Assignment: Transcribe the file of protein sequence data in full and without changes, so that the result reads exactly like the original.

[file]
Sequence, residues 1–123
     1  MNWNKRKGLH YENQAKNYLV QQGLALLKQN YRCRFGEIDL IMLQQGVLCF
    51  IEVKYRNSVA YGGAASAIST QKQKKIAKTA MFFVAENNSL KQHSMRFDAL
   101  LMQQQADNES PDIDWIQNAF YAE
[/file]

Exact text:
Sequence, residues 1–123
     1  MNWNKRKGLH YENQAKNYLV QQGLALLKQN YRCRFGEIDL IMLQQGVLCF
    51  IEVKYRNSVA YGGAASAIST QKQKKIAKTA MFFVAENNSL KQHSMRFDAL
   101  LMQQQADNES PDIDWIQNAF YAE